Executives Aren't Necessarily Leaders (No Matter What They Tell You)
BY Les McKeown
Here are my top three examples of executives who aren't leaders--no matter who says so, how long they've been at the helm, or even how profitable their company is.
Last week, AOL CEO Tim Armstrong was forced to issue an apology for singling out two employees as specific examples while explaining changes in the company's health care policy (he also reversed the change in the policy). This wasn't the first time Armstrong has had to plead mea culpa. In mid-2013, he was caught on tape publicly firing an employee for videotaping a meeting, and subsequently apologized.
It's notable that all of this--the dumb firing over a petty matter and the cavalier use of distressing personal circumstances to justify a policy change--garnered a ton of publicity at a time when AOL has a ton of real, pressing issues to deal with (including the disposal of the Patch subsidiary, a particular bee in Armstrong's bonnet).
What's going on here? Well, a lot of things, obviously, but at one level it's a particularly acute example of something that does all of us a giant disservice. That's the distressing trend of the media, desperately in search of ways to fill a yawning 24/7 business-news cycle, blithely reporting anything vaguely noteworthy by senior executives as if it were a reflection, for good or ill, on their leadership skills.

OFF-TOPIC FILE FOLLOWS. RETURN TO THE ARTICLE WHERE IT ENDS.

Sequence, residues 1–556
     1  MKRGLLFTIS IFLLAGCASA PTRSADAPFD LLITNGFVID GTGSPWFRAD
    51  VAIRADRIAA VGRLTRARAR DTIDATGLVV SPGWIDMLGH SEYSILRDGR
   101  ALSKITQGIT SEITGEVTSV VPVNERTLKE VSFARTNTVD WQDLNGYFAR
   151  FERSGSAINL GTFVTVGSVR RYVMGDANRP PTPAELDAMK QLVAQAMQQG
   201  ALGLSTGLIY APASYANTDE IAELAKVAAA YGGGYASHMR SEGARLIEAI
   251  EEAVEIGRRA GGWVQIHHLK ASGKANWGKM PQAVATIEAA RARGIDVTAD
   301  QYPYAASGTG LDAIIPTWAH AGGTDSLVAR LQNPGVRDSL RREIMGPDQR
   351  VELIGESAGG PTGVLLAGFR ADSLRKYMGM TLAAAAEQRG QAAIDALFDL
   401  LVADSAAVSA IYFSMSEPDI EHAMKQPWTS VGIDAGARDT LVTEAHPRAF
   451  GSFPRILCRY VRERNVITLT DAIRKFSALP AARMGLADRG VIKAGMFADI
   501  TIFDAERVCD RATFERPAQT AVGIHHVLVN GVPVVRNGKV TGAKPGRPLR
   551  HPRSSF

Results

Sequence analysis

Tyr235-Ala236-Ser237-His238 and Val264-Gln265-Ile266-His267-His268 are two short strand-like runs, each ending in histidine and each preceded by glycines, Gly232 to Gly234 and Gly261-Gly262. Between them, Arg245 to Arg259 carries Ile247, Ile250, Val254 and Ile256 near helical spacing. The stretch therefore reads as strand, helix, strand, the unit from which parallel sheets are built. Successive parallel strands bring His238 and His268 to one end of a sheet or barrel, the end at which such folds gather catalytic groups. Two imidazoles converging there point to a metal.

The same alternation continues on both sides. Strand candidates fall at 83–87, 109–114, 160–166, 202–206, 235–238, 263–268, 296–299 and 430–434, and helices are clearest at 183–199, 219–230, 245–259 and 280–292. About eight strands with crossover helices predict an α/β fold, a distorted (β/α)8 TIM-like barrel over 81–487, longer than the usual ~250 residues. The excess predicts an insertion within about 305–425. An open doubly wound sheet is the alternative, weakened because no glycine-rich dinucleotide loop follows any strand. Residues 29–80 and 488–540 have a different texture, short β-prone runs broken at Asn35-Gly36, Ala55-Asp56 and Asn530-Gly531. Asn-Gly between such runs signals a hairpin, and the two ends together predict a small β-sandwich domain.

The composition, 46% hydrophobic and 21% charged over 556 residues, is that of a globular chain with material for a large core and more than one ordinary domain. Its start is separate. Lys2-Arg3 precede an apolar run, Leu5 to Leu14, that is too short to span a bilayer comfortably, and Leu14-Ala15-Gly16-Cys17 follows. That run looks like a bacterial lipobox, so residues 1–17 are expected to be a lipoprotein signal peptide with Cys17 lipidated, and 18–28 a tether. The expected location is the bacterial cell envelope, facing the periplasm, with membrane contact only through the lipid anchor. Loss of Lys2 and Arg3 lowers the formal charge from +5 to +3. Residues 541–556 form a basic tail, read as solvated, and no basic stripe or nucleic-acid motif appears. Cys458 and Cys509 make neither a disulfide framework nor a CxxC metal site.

The issue isn't spotting the clear winners or losers. The problem comes when a non-leader, through simple longevity in a position, becomes accepted, discussed, and used as a model for real leadership. That's when things get gnarly and (sadly) many younger wanna-be leaders begin to emulate decidedly un-leader-like traits.
Here are my top three examples of types of executives who aren't leaders, no matter who says so, how long they've been at the helm, or even how profitable their company is:
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